How to learn to tell the time to your child?

- Categories : Child Sleep , Parents Corner

Knowing how to tell time. This is a skill we've had for quite a long time, but one that our little tyke will soon have to get their head around. Children start to want to find their bearings throughout the day from the ages of 3 to 7, an age when they start to discover the big and little hand. This is also the age when they start asking for a watch, so they can be "just like grown-ups". So here's a small refresher course! What's a good method for teaching your child how to tell time and are some methods more effective than others? 

Teaching how to tell time at school 

At the age of 7, right when they start CE1, your child will start learning how to tell time. However, not everything can be taught in just one year, on the contrary! The teacher needs to further this learning in CE2 and will even revisit this notion in CM2. Most key points are nevertheless introduced in CE2. The best way to assist in understanding is to use a large clock that every child can adjust as they please. Still, learning how to tell time can't be done by just reading! The child will discover that each period in history has its own method for keeping track of the day: from the sundial to the hourglass, there are countless ways to "quantify" passing time. 

In CE1, your little tyke will discover the building blocks of a clock: the dial, the hour hand, then one for minutes and finally another for seconds. Fixed hours are in the grade 2 curriculum. It's from this moment on that children will learn that one hour equals 60 minutes and that 1 minute equals 60 seconds. Then, it's in CM1 that things get a little more complicated with "quarter past", "20 past", and "25 past". A little patience is needed for your child to know how to tell time like an expert! 

Methods for teaching how to tell time 

You will come to learn that knowing how to tell time happens in stages. There's no point in going too quickly or trying to turn your child into a clock master in a few weeks. Here's the method used in primary schools. Depending on your child's progress, feel free to go through some steps more than once! 

Observing the dial: the first step consists of asking your child to describe what they see on the clock. What shape is it? Where are the numbers positioned? Where are the hands? Then, name each element one by one. Make sure your child does indeed make the distinction between the hour, minute, and second hands. 

Observing the dial 2: now, move on to discovering the numbers that make up a clock. The dial is divided into 12 equal portions. Each part consists of a number between 1 and 12. These numbers are the biggest and the most important: these are the hours. To read each number in order, you will need to start from the top and then go down to the right. Do the same with the minutes! This time, the dial is divided into 60 parts and the indicated numbers go from 5 in increments of 5.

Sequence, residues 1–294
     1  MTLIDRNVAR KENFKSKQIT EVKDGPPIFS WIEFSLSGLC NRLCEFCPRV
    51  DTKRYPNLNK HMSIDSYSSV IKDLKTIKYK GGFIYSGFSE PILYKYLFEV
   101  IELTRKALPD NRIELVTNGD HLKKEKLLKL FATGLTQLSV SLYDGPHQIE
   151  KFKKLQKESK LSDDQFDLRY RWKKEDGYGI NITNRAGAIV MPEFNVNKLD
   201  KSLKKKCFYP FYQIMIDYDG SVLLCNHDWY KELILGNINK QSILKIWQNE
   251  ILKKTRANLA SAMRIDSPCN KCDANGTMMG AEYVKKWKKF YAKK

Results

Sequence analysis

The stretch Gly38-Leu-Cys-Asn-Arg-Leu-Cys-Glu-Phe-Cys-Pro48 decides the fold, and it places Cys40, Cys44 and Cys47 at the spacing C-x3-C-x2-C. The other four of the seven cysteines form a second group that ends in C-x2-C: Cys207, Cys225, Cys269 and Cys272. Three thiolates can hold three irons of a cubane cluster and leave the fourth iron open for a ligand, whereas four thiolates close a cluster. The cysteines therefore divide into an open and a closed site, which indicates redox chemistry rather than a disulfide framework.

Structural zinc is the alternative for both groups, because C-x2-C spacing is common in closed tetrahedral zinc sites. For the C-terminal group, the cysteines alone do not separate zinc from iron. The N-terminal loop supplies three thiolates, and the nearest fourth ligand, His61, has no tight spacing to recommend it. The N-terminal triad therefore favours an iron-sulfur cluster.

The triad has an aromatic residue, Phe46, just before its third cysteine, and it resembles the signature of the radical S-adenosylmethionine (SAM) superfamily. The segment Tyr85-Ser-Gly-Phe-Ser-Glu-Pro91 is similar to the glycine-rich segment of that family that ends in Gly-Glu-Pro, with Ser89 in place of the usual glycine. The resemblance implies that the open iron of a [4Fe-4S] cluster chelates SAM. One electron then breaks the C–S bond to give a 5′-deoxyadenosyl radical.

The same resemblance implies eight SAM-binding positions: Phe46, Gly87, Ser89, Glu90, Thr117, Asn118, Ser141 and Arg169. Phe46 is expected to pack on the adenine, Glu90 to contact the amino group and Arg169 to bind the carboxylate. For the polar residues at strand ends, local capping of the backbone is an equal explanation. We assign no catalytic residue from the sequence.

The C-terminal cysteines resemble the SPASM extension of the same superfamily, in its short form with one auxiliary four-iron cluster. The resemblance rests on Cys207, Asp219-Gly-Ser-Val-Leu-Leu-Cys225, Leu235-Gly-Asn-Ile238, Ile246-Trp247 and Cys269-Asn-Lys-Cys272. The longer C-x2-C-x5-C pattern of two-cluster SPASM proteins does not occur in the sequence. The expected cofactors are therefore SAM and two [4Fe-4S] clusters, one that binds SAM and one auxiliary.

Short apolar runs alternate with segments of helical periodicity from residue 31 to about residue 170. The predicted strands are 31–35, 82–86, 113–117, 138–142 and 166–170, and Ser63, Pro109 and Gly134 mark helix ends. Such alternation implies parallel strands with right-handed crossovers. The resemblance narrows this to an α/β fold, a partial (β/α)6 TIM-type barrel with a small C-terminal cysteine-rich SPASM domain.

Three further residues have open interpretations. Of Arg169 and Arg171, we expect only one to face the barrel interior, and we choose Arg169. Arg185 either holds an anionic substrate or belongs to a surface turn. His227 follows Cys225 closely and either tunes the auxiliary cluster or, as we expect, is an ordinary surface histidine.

Observing the dial 3: Now, ask your child to watch the movement of the hands. Each point in one direction. All you have to do is read the corresponding number in order to correctly tell the time. Then, each hand turns in the same way, but at different speeds! The hour hand is the slowest and the second hand is the quickest. 

The hour hand: Set your clock on high noon. Then move the short hour hand and ask your child to read the corresponding number. Try a few times and then ask them to set the clock themselves for 4:00, 10:00, etc...

The hour hand 2: Now you have to explain time before and after noon. There are 12 hours on the clock, but a day is made up of 24 hours! Therefore, the hour hand has to circle the dial twice. To explain this clearly, use a second clock, this time with 13:00 to 24:00 instead of 1:00 to 12:00. 

The minute hand: Now let's move to the minute hand. This hand turns more quickly and circles the dial in one hour. First problem: each minute is not indicated on the dial! Only numbers "5, 10, 15, etc..." are written. However, make sure your child understands that a clock has little markers that allow you to count the minutes, not just those in increments of 5, more easily! 

Practice: Redo the exercise mentioned in point 3. Then, move the minute hand first to the printed numbers going up in increments of 5. So, it's.. 3 o'clock and 20 minutes! Repeat this exercise, but this time, move the hand wherever you want. It's "4 o'clock and 20 minutes + 3 minutes, that means it's 4:23!". Finally, do the same exercise on the 24-hour clock. Once your child feels comfortable, use just one clock. 

The second hand: Your child already knows how to tell the hour, but they still need to completely understand the division of time. Point out the second hand and show them that one trip around the dial corresponds to one minute. Review everything your child has learned: 60 seconds correspond to 1 minute, 60 minutes to one hour, the hour hand circles the dial in 12 hours and there are 24 hours in one day! 

Tips and Tricks 

To speed up learning, here are some tips and tricks you can do at home! 

- Ask your child what time is it throughout the day. 

- Tell them what time it is at every important moment in the day by pointing to the dial!

- Make a paper clock! In addition to spending some time with your child, this clock can be used throughout their training. You can even ask them to draw some silly figures depicting different phases of the day (meals, bedtime, etc...). 

- Give your child a watch, but avoid ones with digital displays. Naturally, the latter cater more to young children and usually feature their favorite characters , but it prevents them from learning how to tell time. 

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